I wish that all bullying stories ended like this. The story of Rehtaeh Parsons and the heartbreaking video posted by Amanda Todd tell us that bullying can lead to something far darker than a few sad memories. I didn't even know what death was when I was a kid, and now childhood bullies are encouraging their victims to kill themselves. I feel sick when I think about how I used to be a part of the bullying problem, and even sicker when I think about what bullies are doing now.

And then there's Lizzie; the girl who received the worst of it, hearing more open-ended "invitations" to end her own life than any person should. Instead of falling apart, Lizzie chose to do something unique with her pain. She decided on what she wanted from herself and put all of her focus in that, confronting bullies with the idea of personal success not as a weapon, but as a shield. With the strength and support of those closest to her, Lizzie has become an advocate for self-love and one of the most powerful voices against bullying today.

Kids will always be dumb and cruel. It's the hideous reality of humanity as it begins in the pod, waiting for the moment when the seed can become the blossom that breaks free and releases its beauty. Even with the proper water and care, some of these flowers never bloom, and those cruel children grow into cruel adults. There will always be a bad seed in any crop. Lizzie has proven that seeking support is more effective than cutting down all of the bad crops.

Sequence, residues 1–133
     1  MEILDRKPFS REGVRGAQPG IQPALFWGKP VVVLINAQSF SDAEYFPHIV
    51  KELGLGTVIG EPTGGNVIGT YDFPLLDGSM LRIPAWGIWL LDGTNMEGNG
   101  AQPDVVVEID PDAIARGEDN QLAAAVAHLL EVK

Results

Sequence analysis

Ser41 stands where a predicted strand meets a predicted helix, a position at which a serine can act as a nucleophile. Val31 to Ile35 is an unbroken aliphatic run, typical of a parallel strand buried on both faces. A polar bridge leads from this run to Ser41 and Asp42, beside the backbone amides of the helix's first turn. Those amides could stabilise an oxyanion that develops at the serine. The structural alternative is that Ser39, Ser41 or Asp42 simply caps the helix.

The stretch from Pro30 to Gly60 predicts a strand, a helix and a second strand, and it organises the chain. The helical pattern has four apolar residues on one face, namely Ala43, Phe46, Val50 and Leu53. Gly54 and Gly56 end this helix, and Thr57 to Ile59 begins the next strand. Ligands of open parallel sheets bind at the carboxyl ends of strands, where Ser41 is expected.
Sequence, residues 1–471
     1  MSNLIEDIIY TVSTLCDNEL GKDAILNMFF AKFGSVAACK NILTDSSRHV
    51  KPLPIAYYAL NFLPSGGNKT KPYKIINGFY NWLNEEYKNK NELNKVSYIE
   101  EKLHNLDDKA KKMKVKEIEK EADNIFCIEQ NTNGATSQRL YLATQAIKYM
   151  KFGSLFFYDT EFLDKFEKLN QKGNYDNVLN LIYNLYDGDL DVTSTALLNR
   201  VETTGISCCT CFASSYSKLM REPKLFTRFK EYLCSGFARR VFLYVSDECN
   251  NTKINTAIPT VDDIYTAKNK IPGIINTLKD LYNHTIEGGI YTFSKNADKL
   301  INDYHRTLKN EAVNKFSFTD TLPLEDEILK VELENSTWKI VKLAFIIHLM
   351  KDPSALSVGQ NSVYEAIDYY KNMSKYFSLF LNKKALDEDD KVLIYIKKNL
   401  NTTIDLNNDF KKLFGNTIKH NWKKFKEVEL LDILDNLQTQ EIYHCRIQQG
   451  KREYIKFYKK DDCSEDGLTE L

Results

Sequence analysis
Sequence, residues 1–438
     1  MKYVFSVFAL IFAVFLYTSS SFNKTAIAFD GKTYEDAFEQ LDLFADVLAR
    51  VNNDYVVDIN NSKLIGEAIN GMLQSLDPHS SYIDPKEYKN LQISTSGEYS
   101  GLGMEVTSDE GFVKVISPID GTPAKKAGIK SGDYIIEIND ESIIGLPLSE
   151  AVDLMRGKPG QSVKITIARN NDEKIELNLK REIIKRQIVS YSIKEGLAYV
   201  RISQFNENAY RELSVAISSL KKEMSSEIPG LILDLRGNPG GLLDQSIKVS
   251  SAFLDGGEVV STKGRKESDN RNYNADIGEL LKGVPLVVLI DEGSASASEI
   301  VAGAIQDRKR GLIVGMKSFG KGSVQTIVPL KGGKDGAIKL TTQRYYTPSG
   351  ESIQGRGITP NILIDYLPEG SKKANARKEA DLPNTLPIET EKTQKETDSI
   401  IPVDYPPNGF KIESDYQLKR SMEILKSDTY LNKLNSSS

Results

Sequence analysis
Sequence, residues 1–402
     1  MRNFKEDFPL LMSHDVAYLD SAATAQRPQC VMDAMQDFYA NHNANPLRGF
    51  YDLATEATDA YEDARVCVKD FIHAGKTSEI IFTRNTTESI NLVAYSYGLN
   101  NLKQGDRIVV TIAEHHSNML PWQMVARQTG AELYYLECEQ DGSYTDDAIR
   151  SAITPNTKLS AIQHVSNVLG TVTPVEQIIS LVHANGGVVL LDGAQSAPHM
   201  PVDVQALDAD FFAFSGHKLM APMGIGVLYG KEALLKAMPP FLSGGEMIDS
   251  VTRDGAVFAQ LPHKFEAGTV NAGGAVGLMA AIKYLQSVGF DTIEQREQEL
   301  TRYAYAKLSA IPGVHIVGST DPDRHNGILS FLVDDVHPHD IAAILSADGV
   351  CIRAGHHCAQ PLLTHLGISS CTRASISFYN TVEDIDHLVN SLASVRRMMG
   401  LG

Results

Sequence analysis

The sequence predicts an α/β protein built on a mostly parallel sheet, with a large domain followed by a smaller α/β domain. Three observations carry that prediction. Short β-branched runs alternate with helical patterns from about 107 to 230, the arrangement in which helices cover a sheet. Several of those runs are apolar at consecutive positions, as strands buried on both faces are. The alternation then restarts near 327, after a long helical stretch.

If any of you reading this are victims of bullying, I want you to read this next part very carefully; go find support. Even if you feel that you are entirely alone, you need to know that you aren't. Extended family, school councillors, teachers, social workers, nurses, doctors, law enforcement, and peers are available to provide the help you need. Never lose hope in your future. Your entire life can turn around if you only ask for help.

If you are a reading this and you are a bully, I want you to know that the same love and support is also available to you. Looking back on my days as a bully, I realize now that I acted out because I was sad and lonely. I felt like no one would understand me if I spoke up about why I felt like I needed to be nasty to others. I wish that I had sought help from our school councillor then, avoiding some of the inevitable guilt and shame I felt in the years that followed. Understand that even though you are compelled to be a bully, that does not make you any less worthy of being loved. Again, help is always available if you are willing to ask for it.

My words can't do justice to Lizzie Velasquez's brilliance or beauty. I am inspired by her story and the work that she has done to transform her pain into a powerful message for others. Lizzie, if you are reading this, thank you for stepping up and showing us all that we have a choice in the darkest of times to stand up and fight for our right to be happy with compassion, strength, and humour. The world may occasionally be forgetful, but with your voice rising in the hearts and minds of both the bullies and the bullied, your message will always find its way back into our consciousness.

We need to keep this conversation going. Bringing light to the things that lurk in darkness can change everything.